The crowd pushed the three of us between the Marathon Towers toward
the Berlin Olympic Stadium. The left tower displayed a simple
clock. On the right, both po liti cally and geographically, hung a twisted
iron cross— the swastika. I understood the message: It was 1936, and
the time of the Nazis had come.
Inside the stadium, I shied away from the enclosed white cabins that
signaled press boxes. The journalists inside knew me as German crime
reporter Hannah Vogel, wanted by the Gestapo for kidnapping the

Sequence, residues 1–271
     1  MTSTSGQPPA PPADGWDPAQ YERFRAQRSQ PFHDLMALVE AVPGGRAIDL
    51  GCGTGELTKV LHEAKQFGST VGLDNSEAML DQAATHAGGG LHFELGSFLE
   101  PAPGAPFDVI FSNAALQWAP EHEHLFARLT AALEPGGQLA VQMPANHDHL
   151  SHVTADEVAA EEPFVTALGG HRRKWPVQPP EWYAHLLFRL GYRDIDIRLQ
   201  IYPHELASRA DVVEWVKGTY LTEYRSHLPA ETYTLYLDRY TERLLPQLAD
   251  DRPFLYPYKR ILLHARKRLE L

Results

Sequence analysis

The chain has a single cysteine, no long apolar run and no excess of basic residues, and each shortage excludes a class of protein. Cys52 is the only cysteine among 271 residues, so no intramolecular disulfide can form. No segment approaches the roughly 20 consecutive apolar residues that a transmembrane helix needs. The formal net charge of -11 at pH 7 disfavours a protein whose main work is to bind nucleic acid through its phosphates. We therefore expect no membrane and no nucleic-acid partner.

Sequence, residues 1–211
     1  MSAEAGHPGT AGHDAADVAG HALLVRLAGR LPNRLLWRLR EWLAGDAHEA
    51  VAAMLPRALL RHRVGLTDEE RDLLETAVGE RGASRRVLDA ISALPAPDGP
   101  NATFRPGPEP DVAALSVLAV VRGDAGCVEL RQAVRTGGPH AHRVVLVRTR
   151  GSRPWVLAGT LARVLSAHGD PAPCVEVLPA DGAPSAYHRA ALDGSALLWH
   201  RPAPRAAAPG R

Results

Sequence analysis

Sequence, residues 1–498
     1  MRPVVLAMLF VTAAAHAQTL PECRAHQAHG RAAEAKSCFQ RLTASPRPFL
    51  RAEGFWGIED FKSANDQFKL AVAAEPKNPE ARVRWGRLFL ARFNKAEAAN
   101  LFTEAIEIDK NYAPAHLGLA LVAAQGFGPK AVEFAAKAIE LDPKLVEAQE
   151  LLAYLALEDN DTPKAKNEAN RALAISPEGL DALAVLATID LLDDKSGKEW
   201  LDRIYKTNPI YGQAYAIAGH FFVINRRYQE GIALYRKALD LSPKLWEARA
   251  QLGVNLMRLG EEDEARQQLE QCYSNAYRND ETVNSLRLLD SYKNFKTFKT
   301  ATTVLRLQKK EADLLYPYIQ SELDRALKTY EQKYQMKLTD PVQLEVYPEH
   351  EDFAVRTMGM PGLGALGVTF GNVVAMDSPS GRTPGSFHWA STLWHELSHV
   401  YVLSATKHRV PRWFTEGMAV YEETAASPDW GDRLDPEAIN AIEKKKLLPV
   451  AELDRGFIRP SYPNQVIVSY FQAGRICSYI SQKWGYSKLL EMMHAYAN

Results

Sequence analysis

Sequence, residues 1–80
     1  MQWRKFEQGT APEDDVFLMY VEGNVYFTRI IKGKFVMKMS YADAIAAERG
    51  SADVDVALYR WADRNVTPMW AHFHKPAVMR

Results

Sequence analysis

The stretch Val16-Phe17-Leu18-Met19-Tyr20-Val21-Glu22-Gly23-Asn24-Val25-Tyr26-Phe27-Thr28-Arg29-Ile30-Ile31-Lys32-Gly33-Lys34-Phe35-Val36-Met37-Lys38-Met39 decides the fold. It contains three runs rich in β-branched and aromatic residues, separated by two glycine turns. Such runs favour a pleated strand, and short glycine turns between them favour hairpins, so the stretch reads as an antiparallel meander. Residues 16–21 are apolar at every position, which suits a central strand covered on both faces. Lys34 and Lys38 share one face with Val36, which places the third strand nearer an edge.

young son of the now- deceased Ernst Röhm. I ner vous ly tilted my
wide- brimmed hat to conceal my face and moved with the crowd down
the stairs. Surely I would be diffi cult to notice among so many faces.
My current identity was Adelheid Zinsli, neutral Swiss reporter
and, hopefully incognito, part- time spy for the British. I looked over
at my contact, SS Hauptsturmführer Lars Lang, as we moved toward
our seats in the stadium. Years of our deadly game made most trips
feel routine, but this time I was frightened.